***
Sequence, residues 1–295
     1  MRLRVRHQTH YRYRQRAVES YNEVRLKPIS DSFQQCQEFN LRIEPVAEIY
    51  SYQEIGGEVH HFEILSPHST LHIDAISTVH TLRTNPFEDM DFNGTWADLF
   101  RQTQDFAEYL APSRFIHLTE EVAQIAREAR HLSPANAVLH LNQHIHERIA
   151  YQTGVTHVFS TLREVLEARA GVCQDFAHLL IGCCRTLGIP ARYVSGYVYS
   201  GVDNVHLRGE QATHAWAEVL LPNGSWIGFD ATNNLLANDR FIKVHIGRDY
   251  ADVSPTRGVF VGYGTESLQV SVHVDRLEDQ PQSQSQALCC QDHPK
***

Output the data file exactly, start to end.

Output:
Sequence, residues 1–295
     1  MRLRVRHQTH YRYRQRAVES YNEVRLKPIS DSFQQCQEFN LRIEPVAEIY
    51  SYQEIGGEVH HFEILSPHST LHIDAISTVH TLRTNPFEDM DFNGTWADLF
   101  RQTQDFAEYL APSRFIHLTE EVAQIAREAR HLSPANAVLH LNQHIHERIA
   151  YQTGVTHVFS TLREVLEARA GVCQDFAHLL IGCCRTLGIP ARYVSGYVYS
   201  GVDNVHLRGE QATHAWAEVL LPNGSWIGFD ATNNLLANDR FIKVHIGRDY
   251  ADVSPTRGVF VGYGTESLQV SVHVDRLEDQ PQSQSQALCC QDHPK